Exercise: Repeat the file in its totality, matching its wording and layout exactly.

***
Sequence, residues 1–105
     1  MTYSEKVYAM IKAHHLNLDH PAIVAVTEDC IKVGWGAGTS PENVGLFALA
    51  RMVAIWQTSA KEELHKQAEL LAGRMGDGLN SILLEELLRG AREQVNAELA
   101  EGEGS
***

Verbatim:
Sequence, residues 1–105
     1  MTYSEKVYAM IKAHHLNLDH PAIVAVTEDC IKVGWGAGTS PENVGLFALA
    51  RMVAIWQTSA KEELHKQAEL LAGRMGDGLN SILLEELLRG AREQVNAELA
   101  EGEGS